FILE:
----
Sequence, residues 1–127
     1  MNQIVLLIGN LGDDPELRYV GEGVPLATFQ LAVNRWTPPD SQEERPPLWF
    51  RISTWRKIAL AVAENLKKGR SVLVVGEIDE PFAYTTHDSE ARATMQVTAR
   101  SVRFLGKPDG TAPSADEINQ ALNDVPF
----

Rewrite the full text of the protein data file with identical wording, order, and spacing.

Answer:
Sequence, residues 1–127
     1  MNQIVLLIGN LGDDPELRYV GEGVPLATFQ LAVNRWTPPD SQEERPPLWF
    51  RISTWRKIAL AVAENLKKGR SVLVVGEIDE PFAYTTHDSE ARATMQVTAR
   101  SVRFLGKPDG TAPSADEINQ ALNDVPF